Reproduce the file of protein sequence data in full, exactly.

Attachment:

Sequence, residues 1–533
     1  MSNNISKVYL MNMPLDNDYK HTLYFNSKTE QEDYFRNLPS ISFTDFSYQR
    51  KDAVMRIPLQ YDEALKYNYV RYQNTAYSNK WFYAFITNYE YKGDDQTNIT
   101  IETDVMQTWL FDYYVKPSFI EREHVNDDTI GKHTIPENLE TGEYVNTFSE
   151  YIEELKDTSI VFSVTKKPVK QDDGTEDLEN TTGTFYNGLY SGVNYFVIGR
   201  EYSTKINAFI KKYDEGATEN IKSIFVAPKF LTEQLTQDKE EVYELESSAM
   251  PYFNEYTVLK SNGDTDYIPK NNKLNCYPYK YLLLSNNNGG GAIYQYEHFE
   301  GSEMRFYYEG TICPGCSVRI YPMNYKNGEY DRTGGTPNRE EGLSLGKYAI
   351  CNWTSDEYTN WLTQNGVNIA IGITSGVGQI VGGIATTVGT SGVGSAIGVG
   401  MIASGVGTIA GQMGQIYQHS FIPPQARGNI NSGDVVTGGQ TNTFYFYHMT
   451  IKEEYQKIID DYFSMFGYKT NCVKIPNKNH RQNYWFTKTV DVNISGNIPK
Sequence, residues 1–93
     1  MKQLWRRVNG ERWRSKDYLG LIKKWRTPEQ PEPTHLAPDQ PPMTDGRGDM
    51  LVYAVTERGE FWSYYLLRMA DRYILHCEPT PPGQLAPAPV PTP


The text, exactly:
Sequence, residues 1–533
     1  MSNNISKVYL MNMPLDNDYK HTLYFNSKTE QEDYFRNLPS ISFTDFSYQR
    51  KDAVMRIPLQ YDEALKYNYV RYQNTAYSNK WFYAFITNYE YKGDDQTNIT
   101  IETDVMQTWL FDYYVKPSFI EREHVNDDTI GKHTIPENLE TGEYVNTFSE
   151  YIEELKDTSI VFSVTKKPVK QDDGTEDLEN TTGTFYNGLY SGVNYFVIGR
   201  EYSTKINAFI KKYDEGATEN IKSIFVAPKF LTEQLTQDKE EVYELESSAM
   251  PYFNEYTVLK SNGDTDYIPK NNKLNCYPYK YLLLSNNNGG GAIYQYEHFE
   301  GSEMRFYYEG TICPGCSVRI YPMNYKNGEY DRTGGTPNRE EGLSLGKYAI
   351  CNWTSDEYTN WLTQNGVNIA IGITSGVGQI VGGIATTVGT SGVGSAIGVG
   401  MIASGVGTIA GQMGQIYQHS FIPPQARGNI NSGDVVTGGQ TNTFYFYHMT
   451  IKEEYQKIID DYFSMFGYKT NCVKIPNKNH RQNYWFTKTV DVNISGNIPK
Sequence, residues 1–93
     1  MKQLWRRVNG ERWRSKDYLG LIKKWRTPEQ PEPTHLAPDQ PPMTDGRGDM
    51  LVYAVTERGE FWSYYLLRMA DRYILHCEPT PPGQLAPAPV PTP